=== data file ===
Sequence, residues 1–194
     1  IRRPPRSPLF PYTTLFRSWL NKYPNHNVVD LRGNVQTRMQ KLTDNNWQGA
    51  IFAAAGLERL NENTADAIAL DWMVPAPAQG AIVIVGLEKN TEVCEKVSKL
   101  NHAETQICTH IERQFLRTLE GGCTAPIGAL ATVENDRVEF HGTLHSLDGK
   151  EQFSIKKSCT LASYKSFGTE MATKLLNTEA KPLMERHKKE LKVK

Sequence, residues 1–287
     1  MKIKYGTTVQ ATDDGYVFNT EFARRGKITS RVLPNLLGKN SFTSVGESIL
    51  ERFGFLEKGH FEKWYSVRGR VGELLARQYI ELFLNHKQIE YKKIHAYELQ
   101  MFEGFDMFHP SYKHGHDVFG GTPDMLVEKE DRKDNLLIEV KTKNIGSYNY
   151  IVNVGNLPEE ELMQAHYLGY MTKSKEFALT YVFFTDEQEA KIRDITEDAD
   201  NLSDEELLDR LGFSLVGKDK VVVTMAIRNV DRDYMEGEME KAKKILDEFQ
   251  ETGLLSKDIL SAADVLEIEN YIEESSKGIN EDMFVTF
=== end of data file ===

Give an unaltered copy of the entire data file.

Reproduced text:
Sequence, residues 1–194
     1  IRRPPRSPLF PYTTLFRSWL NKYPNHNVVD LRGNVQTRMQ KLTDNNWQGA
    51  IFAAAGLERL NENTADAIAL DWMVPAPAQG AIVIVGLEKN TEVCEKVSKL
   101  NHAETQICTH IERQFLRTLE GGCTAPIGAL ATVENDRVEF HGTLHSLDGK
   151  EQFSIKKSCT LASYKSFGTE MATKLLNTEA KPLMERHKKE LKVK

Sequence, residues 1–287
     1  MKIKYGTTVQ ATDDGYVFNT EFARRGKITS RVLPNLLGKN SFTSVGESIL
    51  ERFGFLEKGH FEKWYSVRGR VGELLARQYI ELFLNHKQIE YKKIHAYELQ
   101  MFEGFDMFHP SYKHGHDVFG GTPDMLVEKE DRKDNLLIEV KTKNIGSYNY
   151  IVNVGNLPEE ELMQAHYLGY MTKSKEFALT YVFFTDEQEA KIRDITEDAD
   201  NLSDEELLDR LGFSLVGKDK VVVTMAIRNV DRDYMEGEME KAKKILDEFQ
   251  ETGLLSKDIL SAADVLEIEN YIEESSKGIN EDMFVTF